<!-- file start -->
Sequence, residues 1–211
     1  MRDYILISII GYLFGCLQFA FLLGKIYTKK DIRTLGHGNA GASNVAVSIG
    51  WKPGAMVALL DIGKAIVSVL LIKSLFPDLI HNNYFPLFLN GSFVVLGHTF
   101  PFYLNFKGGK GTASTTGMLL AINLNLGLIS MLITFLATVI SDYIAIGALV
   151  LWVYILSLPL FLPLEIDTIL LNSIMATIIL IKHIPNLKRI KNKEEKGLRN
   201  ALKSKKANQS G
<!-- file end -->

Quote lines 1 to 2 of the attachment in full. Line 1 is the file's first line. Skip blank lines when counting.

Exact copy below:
Sequence, residues 1–211
     1  MRDYILISII GYLFGCLQFA FLLGKIYTKK DIRTLGHGNA GASNVAVSIG